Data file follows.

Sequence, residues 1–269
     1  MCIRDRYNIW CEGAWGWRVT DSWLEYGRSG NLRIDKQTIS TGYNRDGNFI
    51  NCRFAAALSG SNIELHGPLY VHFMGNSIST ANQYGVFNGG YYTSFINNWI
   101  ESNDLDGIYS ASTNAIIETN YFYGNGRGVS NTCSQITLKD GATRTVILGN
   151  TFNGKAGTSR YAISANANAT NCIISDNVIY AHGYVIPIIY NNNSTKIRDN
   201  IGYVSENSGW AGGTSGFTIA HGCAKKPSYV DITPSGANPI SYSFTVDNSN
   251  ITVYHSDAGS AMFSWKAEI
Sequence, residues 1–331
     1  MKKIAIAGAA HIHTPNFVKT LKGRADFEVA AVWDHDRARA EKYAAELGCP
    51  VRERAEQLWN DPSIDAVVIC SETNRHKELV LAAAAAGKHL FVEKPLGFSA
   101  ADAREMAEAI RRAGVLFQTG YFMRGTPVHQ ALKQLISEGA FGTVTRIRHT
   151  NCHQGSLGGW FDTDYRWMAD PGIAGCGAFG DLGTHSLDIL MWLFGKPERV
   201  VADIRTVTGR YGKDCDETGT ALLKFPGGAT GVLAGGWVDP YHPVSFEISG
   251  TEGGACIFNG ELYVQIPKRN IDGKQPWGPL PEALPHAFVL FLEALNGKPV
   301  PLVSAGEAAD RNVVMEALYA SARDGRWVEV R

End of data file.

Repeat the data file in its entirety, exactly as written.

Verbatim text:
Sequence, residues 1–269
     1  MCIRDRYNIW CEGAWGWRVT DSWLEYGRSG NLRIDKQTIS TGYNRDGNFI
    51  NCRFAAALSG SNIELHGPLY VHFMGNSIST ANQYGVFNGG YYTSFINNWI
   101  ESNDLDGIYS ASTNAIIETN YFYGNGRGVS NTCSQITLKD GATRTVILGN
   151  TFNGKAGTSR YAISANANAT NCIISDNVIY AHGYVIPIIY NNNSTKIRDN
   201  IGYVSENSGW AGGTSGFTIA HGCAKKPSYV DITPSGANPI SYSFTVDNSN
   251  ITVYHSDAGS AMFSWKAEI
Sequence, residues 1–331
     1  MKKIAIAGAA HIHTPNFVKT LKGRADFEVA AVWDHDRARA EKYAAELGCP
    51  VRERAEQLWN DPSIDAVVIC SETNRHKELV LAAAAAGKHL FVEKPLGFSA
   101  ADAREMAEAI RRAGVLFQTG YFMRGTPVHQ ALKQLISEGA FGTVTRIRHT
   151  NCHQGSLGGW FDTDYRWMAD PGIAGCGAFG DLGTHSLDIL MWLFGKPERV
   201  VADIRTVTGR YGKDCDETGT ALLKFPGGAT GVLAGGWVDP YHPVSFEISG
   251  TEGGACIFNG ELYVQIPKRN IDGKQPWGPL PEALPHAFVL FLEALNGKPV
   301  PLVSAGEAAD RNVVMEALYA SARDGRWVEV R